The Indiana General Assembly is generous when giving away the revenues of local govern-ments. The latest scheme, advocated by the politicians wielding power at the state level, is to give a nice tax break to businesses at the expense of local governments. They propose to get rid of the property tax on business equipment.
Such property, called “personal,” is used by firms to make products and provide services. Long ago, households too paid the “personal” property tax. Today, a computer system used in a business is subject to the tax; a computer used in a household to surf the web and send pictures to Granny is exempt.
There were good reasons for getting rid of the tax on household goods. It was widely ignored, and those who did not ignore it, most frequently lied about what they owned and how much it was worth.
There may be good reasons for getting rid of the tax on business machinery. Such a tax is believed to discourage businesses from investing in new equipment. No one seems to have evidence that this is true, but it is believed and that is good enough for the governor and the legislature.
We have had wonderful announcements from new and existing Indiana firms about how much they are going to invest in new equipment around the state. Not one of those announcements said firms would have invested more without the personal property tax.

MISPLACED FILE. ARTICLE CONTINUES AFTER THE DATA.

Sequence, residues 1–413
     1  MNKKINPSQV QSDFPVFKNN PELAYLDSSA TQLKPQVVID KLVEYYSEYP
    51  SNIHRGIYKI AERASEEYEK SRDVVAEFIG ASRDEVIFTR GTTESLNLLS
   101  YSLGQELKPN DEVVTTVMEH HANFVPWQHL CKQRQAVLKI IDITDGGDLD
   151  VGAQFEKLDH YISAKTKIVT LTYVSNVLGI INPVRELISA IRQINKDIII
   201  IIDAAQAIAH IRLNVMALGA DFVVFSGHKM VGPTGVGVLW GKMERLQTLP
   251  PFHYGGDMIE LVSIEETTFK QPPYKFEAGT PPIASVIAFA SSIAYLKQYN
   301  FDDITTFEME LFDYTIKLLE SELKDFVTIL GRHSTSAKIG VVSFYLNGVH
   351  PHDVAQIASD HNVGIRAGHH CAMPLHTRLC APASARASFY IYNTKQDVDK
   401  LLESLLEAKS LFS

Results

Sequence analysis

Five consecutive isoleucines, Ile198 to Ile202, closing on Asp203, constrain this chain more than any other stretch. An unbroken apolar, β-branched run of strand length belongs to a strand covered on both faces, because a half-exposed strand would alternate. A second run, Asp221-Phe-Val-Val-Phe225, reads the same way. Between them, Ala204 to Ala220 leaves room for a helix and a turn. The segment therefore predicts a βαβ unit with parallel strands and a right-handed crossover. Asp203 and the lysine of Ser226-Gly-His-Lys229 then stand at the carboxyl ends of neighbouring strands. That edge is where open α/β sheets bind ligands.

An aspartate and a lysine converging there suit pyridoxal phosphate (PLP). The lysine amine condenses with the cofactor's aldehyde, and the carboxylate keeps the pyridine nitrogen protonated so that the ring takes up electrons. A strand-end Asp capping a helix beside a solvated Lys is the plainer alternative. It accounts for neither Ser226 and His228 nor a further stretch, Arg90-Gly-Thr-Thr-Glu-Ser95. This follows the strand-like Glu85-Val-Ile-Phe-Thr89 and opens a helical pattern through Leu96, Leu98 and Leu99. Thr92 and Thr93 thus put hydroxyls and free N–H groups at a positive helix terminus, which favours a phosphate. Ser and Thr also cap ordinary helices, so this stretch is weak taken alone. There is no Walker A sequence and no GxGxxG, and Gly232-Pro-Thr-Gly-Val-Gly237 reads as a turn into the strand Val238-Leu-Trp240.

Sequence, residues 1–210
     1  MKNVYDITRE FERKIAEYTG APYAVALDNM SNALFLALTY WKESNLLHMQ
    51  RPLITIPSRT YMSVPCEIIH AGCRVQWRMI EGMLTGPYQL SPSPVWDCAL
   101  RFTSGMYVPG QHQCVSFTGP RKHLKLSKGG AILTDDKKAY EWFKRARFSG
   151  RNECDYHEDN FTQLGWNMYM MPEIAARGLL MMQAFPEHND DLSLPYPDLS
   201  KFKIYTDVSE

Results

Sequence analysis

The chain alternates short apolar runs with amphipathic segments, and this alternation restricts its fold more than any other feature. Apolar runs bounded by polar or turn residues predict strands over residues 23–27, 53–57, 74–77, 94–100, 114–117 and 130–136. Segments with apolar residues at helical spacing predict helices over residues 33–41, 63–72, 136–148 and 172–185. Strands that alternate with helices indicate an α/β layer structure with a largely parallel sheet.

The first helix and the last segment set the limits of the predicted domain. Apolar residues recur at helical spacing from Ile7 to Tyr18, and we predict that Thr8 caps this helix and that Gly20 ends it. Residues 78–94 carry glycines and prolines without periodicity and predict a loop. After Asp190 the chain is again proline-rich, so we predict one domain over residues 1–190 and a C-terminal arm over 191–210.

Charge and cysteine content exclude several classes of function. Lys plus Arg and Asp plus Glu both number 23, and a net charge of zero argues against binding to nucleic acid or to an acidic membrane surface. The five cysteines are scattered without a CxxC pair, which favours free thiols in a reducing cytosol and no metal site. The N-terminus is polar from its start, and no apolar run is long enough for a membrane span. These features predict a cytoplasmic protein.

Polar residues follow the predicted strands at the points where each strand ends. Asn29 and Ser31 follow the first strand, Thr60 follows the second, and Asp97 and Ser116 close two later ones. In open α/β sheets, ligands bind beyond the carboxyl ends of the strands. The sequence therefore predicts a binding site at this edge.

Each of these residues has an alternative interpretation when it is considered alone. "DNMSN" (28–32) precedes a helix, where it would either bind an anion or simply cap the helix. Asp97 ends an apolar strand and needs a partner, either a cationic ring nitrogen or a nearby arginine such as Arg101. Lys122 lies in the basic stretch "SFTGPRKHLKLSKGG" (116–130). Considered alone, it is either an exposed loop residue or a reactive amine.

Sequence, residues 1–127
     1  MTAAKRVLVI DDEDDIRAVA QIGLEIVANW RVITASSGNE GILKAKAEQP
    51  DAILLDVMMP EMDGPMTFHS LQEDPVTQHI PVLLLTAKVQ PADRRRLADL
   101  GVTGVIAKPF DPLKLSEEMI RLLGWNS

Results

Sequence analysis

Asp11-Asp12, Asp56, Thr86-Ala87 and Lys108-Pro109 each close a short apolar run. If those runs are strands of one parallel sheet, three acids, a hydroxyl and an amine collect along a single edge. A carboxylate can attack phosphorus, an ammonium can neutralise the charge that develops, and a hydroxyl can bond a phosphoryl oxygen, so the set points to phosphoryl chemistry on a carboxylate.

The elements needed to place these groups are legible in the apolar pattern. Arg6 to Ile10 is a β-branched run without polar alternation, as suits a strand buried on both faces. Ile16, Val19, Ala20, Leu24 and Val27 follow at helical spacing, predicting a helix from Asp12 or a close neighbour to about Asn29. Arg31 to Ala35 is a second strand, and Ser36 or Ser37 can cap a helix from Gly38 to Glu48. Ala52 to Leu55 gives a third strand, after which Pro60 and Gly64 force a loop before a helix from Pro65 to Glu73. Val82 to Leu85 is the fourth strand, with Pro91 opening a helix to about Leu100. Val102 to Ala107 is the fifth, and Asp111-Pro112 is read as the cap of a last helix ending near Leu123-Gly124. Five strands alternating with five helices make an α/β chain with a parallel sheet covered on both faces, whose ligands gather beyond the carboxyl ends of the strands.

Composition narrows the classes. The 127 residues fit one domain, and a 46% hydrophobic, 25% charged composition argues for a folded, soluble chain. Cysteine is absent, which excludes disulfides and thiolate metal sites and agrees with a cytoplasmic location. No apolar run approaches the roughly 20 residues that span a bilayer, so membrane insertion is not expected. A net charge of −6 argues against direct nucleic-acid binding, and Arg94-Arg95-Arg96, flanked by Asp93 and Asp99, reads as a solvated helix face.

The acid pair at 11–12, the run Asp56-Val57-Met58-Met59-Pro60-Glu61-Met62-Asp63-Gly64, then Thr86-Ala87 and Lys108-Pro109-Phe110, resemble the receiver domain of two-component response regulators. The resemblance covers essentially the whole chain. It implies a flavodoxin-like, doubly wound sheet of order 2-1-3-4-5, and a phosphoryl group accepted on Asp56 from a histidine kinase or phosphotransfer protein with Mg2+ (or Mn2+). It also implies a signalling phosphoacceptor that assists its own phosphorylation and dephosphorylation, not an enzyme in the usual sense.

Unfortunately, no one seems to have a clear idea of how cities, towns, counties, schools, libraries and other local entities will replace the lost property tax. But then that has never been a concern of those who press for lower property taxes.
Indiana has spent the last 40 years in a war on the property tax and local democracy. We have insisted on controlling local spending, denying cities and towns self-determination, capping property taxes, and eliminating various forms of property from taxation.
When the inventory tax was eliminated a few years back, who benefited? Auto dealers were the number one type of business paying that tax. Did auto prices fall? Did auto salespeople get higher commissions? I don’t know and I don’t know anyone who does know. But local governments got less money for maintaining public services or local income taxes were raised for individuals.
If we eliminate the personal property tax, let’s imagine that there is more investment by business in Indiana. Who will benefit? Will Hoosier workers be paid more because they are more productive? Or will fewer Hoosier workers be hired? Perhaps the benefits will show up as greater benefits for top executives.
I don’t know if studies in other states have answered those questions. Perhaps the legislature could look into the issue. They could then rely less on the theoretical arguments used by the advocates of still more tax cuts for selected industries.
Morton J. Marcus is an economist, writer and speaker formerly with the Kelley School of Business at Indiana University. He can be reached at firstname.lastname@example.org.